Chapter 13: Diplomatic Relations
ince Tilea is not a single state it cannot be said to have a single attitude towards any other nation. Tileans do tend to share very broad opinions on other Old World Powers that shape the outlook, if not always the policy, of their particular city-state. In general Tileans are suspicious of powerful neighbours that might try to invade their divided land, such as Bretonnia, and suspicious of commercial rivals, such as Marienburg and Estalia, but are not otherwise particularly xenophobic.
The Empire and Marienburg
Tileans tend not to care to strongly about the Empire - relations at the moment are cordial but not close. Tilean mercenaries served the Empire well during the Storm of Chaos and the Empire is neither commercially nor militarily threatening to the states nearest to its borders. The individual Elector Counts and provinces all have their own relationships with the city-states but the only Elector to recently make much of an impression was Marius Leitdorf, whose patronage of Tilean artists and the cult of Myrmidia won him a number of friends. On the other hand the cults of Sigmar and Ulric’s moves to reassert their primacy over the upstart cult of Myrmidia have not been popular with Tileans, who see them as barbaric northerners disrespecting the goddess. Another cause of friction is the efforts of some Imperial noblemen to colonize the Border Princedoms and bring them under their spheres of influence, efforts that many Tileans see as intruding upon territory that naturally belongs to them. Both of these matters may yet come to a head. Relations between the Tilean States and Marienburg, on the other hand, are strained by Marienburg’s increasing dominance in some fields of Old World commerce and by the Marienburgers’ envied alliance with the Elves. Some Tileans have also blamed Marienburg for the recent trend in Imperial Witch Hunters manhandling Tilean merchants trading in the Empire and, even worse, seizing their trade goods.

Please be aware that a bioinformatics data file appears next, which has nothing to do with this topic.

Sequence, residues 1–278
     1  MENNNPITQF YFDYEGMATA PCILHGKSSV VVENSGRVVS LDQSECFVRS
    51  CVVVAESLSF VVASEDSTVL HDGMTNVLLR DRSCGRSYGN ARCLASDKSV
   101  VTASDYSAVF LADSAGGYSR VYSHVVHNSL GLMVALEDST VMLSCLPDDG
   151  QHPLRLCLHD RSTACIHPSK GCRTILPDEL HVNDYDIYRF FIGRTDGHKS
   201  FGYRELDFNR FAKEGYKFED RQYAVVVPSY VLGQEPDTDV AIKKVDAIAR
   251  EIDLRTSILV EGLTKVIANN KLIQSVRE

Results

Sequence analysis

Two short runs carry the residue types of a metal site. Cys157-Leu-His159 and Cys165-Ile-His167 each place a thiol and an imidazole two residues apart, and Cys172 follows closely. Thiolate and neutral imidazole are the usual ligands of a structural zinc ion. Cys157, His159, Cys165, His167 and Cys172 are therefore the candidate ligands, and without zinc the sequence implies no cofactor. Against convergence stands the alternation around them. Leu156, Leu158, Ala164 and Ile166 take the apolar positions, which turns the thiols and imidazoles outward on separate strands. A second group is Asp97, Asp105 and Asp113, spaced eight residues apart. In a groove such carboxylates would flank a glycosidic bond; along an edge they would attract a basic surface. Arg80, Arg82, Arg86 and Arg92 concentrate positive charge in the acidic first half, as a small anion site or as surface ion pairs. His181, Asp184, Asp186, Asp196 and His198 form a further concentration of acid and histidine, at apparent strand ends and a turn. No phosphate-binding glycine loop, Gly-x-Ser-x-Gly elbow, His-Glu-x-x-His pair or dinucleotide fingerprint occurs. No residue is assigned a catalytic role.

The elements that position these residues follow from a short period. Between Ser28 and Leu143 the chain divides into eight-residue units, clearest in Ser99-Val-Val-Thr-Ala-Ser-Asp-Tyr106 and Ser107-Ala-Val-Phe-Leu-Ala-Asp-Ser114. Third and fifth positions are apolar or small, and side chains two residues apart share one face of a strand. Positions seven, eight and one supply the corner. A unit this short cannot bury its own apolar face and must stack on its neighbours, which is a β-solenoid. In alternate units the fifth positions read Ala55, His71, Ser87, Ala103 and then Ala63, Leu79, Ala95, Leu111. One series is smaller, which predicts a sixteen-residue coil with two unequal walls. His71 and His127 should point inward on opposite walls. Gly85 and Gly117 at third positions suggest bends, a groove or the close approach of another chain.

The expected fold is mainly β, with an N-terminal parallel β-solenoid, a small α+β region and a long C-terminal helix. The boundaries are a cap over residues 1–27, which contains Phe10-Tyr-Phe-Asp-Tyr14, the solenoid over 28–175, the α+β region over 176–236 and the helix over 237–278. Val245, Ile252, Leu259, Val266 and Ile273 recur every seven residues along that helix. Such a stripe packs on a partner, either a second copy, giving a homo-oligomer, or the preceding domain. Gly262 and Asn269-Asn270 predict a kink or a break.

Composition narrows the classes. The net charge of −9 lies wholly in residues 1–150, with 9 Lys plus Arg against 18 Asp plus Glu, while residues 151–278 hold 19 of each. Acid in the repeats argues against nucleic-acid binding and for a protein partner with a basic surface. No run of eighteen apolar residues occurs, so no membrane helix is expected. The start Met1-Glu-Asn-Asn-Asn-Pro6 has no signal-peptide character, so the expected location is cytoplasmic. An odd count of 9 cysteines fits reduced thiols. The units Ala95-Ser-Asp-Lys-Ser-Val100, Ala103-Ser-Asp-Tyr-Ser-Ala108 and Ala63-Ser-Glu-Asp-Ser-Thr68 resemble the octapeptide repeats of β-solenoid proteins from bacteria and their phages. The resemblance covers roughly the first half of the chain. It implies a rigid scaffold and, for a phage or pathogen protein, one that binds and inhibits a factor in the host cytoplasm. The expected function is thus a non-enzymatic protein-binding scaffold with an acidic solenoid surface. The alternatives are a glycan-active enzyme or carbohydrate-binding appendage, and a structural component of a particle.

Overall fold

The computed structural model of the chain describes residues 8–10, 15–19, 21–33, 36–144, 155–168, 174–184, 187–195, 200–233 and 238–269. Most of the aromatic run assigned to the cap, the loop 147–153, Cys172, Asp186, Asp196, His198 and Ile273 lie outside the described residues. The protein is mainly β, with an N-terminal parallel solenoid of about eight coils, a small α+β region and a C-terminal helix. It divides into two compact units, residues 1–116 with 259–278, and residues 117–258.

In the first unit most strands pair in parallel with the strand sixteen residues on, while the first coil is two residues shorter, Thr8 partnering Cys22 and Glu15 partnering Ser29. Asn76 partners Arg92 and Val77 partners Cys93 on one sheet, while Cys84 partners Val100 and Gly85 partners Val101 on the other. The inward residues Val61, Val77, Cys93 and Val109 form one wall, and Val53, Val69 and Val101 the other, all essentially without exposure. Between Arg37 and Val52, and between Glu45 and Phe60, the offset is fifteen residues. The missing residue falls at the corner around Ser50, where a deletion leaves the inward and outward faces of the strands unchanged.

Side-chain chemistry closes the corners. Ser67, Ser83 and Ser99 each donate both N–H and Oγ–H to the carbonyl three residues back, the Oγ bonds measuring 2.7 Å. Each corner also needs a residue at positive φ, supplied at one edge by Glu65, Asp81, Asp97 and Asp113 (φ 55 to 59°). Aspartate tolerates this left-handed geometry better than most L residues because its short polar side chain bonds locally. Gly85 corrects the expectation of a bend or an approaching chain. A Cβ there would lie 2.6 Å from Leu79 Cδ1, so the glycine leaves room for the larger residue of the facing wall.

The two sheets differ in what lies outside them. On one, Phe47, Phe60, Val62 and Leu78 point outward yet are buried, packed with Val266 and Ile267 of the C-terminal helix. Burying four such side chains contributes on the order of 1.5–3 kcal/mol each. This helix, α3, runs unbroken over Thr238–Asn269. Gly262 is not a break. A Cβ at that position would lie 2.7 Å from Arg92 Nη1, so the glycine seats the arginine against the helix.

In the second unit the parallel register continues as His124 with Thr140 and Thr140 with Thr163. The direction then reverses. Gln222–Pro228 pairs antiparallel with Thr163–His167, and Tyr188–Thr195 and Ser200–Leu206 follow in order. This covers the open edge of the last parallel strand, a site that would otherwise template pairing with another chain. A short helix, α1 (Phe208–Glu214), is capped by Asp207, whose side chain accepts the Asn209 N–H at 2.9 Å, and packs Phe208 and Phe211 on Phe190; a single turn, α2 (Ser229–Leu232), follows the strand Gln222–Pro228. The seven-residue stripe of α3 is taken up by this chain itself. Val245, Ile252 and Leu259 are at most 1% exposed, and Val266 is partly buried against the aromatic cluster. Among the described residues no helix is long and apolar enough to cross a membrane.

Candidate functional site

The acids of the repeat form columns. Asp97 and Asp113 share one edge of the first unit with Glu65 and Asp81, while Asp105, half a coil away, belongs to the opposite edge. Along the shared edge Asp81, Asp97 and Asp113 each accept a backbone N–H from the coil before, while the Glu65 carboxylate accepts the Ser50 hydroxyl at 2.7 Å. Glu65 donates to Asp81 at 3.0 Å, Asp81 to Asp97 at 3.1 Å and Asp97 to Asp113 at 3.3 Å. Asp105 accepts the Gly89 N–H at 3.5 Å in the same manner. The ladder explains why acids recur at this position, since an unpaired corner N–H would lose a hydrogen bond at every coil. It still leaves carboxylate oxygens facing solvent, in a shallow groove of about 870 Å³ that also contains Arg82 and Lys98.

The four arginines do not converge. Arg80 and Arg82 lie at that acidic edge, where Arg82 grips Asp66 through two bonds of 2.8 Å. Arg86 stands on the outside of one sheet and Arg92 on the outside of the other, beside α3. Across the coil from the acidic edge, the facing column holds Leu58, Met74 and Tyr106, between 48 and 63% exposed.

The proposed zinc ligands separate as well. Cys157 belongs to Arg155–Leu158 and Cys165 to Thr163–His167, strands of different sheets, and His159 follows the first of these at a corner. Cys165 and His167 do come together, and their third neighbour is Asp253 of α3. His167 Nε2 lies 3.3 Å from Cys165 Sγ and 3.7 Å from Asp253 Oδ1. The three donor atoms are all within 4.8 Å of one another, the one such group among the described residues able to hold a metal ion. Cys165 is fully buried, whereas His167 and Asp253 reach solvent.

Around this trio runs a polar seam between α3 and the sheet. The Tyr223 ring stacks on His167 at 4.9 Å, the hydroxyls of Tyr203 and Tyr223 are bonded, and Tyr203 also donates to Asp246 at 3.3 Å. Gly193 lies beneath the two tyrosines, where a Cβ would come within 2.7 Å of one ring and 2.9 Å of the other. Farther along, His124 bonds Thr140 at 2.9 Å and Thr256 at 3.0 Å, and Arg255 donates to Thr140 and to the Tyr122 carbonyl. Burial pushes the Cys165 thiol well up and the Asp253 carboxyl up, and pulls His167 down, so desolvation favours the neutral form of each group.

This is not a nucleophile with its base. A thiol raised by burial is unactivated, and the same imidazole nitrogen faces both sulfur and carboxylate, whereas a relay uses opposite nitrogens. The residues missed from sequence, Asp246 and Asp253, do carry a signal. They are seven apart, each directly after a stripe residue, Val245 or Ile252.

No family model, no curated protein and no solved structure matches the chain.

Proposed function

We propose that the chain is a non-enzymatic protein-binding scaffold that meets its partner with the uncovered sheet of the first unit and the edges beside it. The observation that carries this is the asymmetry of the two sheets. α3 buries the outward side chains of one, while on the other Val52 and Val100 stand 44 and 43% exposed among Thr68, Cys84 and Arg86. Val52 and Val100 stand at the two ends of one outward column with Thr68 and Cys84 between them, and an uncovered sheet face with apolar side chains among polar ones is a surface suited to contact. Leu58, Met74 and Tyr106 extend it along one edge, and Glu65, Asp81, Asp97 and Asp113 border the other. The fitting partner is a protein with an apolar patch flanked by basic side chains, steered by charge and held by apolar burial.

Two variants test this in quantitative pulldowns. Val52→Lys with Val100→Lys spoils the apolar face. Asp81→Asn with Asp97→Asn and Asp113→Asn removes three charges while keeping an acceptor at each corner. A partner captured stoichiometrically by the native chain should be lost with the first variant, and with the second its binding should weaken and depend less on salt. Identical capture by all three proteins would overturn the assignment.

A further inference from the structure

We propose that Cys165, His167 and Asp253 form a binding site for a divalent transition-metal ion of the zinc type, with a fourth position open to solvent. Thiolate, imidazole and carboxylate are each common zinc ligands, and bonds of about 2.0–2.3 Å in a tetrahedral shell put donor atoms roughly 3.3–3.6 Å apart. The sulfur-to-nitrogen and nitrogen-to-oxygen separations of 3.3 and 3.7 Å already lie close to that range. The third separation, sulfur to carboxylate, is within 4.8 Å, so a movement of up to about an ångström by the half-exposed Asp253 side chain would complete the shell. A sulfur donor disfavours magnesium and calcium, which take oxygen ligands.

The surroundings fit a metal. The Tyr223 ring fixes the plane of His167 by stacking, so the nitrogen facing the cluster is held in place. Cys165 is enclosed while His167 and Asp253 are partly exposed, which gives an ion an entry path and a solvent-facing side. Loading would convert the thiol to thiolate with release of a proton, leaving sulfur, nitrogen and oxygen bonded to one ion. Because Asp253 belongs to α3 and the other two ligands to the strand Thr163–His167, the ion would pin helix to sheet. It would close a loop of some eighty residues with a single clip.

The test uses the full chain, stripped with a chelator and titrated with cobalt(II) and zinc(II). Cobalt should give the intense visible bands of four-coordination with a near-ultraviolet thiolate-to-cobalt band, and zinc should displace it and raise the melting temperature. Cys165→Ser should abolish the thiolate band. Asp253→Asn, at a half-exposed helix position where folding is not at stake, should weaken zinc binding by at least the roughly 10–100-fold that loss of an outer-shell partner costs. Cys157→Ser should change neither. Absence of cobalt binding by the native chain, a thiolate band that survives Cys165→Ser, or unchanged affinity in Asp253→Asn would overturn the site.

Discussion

Tilea that they can get their hands on. Of particular concern is the possibility that the next Bretonnian King will be more expansionist than the conservative Louen Leoncoeur - certainly some lords in southern Bretonnia would love to see a more aggressive approach taken against Tilea. A common rumour in northern Tilea suggests that many Bretonnian lords have long possessed forged title deeds to parts of northern Tilea and are waiting for a suitable king to come to power before revealing them.